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January 2019



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Who's Queen?

Daisy Dalrymple and the Reprinting Mystery

I’ve now read the first three Daisy Dalrymple mysteries and enjoyed them very much as light, undemanding reads. As the books are a series which follows Daisy’s progress in love as well as in detection I want to read them in order. Because I’m a fusspot about these things I’ve decided I want a matching set and there comes the problem. Plenty of editions but not the ones I want. The most recent (and eighteenth!) book in the series, Sheer Folly is available from Amazon now but the three books following on from Requiem for a Mezzo have to be pre-ordered.

If a book is scarce and expensive it makes sense to reprint that one before tackling more common books by the same author. If the books are still available, why not print them in order? Luckily for readers (though not for dealers) a number of small publishers have acquired copyrights and reprinted desirable books. I make a distinction between that worthwhile task and what is merely repackaging to find a new market.

Virago and Persephone are too well known now to need any introduction from me. I’ve been glad to buy new editions of hard to find books from: Girls Gone By and Fidra Books . The Bloomsbury Group has attractive reprints of some lovely books like Henrietta’s War which deserve a wider audience. Elizabeth Sharman of Longwater Books is reprinting Pamela Brown’s Blue Door series. Some very rare adult titles by Noel Streatfeild and other authors better known for their children’s books are available from Shirley Neilson of The Old Children’s Bookshop in Edinburgh under the Greyladies imprint.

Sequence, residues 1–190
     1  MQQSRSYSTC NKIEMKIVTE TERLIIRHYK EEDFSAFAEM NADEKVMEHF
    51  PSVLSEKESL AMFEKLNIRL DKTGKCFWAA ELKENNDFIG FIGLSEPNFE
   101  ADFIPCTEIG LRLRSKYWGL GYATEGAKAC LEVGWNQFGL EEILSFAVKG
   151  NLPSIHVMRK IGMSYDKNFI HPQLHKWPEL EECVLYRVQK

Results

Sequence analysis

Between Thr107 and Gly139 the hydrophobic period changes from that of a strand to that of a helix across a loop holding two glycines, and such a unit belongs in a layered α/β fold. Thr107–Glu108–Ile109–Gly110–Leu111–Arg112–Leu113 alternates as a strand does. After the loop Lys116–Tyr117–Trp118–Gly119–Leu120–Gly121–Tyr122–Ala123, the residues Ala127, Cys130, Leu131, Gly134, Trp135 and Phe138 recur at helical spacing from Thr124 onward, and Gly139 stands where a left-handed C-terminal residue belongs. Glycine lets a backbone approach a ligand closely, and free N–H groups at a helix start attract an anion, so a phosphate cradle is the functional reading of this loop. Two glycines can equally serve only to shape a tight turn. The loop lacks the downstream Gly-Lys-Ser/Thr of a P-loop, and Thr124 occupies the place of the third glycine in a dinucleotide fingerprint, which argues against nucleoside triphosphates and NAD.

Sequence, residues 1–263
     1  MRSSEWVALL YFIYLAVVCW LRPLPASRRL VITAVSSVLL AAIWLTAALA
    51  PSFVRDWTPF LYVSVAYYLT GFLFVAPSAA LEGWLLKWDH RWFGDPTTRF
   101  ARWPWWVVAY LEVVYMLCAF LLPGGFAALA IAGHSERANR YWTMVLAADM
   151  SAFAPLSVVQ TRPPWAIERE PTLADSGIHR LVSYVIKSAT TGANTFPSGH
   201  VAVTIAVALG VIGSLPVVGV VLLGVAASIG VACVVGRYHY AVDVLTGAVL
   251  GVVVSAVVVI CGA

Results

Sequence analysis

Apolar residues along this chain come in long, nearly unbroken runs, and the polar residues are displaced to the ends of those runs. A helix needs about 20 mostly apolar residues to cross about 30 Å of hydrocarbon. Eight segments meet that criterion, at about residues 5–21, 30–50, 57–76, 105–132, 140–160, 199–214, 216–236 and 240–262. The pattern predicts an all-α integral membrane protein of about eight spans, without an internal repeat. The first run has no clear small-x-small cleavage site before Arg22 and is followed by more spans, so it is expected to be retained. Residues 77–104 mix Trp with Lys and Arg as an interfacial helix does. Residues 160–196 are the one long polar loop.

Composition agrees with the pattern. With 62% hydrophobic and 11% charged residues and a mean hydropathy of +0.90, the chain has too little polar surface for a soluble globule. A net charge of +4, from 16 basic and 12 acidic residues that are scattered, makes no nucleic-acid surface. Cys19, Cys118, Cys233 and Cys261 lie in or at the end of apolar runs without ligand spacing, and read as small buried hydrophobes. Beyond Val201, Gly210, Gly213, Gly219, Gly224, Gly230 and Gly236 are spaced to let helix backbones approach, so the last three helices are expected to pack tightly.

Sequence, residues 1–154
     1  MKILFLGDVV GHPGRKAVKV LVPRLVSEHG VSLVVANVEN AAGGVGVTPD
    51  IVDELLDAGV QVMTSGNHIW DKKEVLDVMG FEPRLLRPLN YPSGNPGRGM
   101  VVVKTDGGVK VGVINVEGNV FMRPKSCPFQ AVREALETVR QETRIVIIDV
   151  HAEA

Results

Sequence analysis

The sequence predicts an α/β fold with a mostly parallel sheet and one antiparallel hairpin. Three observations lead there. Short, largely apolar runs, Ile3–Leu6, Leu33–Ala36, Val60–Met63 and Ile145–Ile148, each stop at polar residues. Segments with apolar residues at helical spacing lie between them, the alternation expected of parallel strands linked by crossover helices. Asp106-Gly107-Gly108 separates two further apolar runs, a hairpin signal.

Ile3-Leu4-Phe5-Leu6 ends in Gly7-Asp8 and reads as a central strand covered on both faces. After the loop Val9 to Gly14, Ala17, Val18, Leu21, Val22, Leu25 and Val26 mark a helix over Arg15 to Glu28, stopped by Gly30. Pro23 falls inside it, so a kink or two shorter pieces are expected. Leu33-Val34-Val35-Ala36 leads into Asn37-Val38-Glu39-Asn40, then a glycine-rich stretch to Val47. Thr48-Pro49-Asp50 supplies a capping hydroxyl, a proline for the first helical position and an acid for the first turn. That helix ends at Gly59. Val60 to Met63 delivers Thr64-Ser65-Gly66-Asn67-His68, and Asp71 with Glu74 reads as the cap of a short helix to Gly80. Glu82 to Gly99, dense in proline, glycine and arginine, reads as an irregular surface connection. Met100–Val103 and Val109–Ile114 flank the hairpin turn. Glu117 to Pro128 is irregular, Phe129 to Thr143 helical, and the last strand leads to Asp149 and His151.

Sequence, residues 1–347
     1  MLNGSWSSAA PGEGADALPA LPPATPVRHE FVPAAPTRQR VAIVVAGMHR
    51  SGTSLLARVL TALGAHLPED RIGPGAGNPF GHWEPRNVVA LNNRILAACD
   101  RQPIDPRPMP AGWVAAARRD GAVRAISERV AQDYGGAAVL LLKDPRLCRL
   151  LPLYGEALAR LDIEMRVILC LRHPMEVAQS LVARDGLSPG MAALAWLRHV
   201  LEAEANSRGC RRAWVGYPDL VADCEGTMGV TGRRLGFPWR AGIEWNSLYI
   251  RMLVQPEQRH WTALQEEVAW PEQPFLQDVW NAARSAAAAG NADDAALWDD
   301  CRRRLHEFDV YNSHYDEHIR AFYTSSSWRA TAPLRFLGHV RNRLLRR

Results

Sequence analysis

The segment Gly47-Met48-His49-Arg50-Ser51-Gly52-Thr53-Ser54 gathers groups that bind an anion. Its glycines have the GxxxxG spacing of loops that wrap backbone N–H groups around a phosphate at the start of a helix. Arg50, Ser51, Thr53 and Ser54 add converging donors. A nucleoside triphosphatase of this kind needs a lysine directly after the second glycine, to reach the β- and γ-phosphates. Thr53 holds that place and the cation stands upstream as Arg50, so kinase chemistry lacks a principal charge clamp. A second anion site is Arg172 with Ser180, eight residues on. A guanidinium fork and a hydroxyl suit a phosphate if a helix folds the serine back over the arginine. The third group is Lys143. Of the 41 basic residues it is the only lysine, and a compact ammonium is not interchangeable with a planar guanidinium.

Established publishers like Penguin seem to be for ever repackaging the books on their list; I remain fond of the original orange and green covers. Arrow Books have given a classy, period look to their reissues of books by Georgette Heyer and Dornford Yates. I really dislike the pink and glittery (even though I like pink!) attempts to disguise Jane Austen as chicklit and find new readers for the Malory Towers books.

More about covers here and here.
What do you think?

Does it matter to you if series books are in a matching edition?


Have you ever bought a reprint from a new publisher?


Old books with new covers which you like?

Old books with new covers you dislike?


rosathome, ISTR you mentioning the Heyer covers. I was referring to the mysteries rather than the romances.
Oh, yes, I like the mystery covers too, actually. I think they really do give a good sense of the period and tone of the books.
I purchased the entire set of Flashman papers at the same time so as I would have all the covers matching, and they were at the time, splendid covers. Then one more book was published and even though it was similar to the others, the spine was entirely different and ruined the look of the set on the shelf. It still irks me each time I glance over.
I know the feeling. Later editions of Georgette Heyer's books were taller than earlier ones so they don't fit on the same shelf. Grr.
That would annoy me too! I'm very obsessive compulsive about my books and once put them all in colour order .. if I saw even a colour out of place I would fret and obsess until it was changed!
Keep meaning to say if you've not read and would like to borrow Damsel in Distress, I've found an old copy.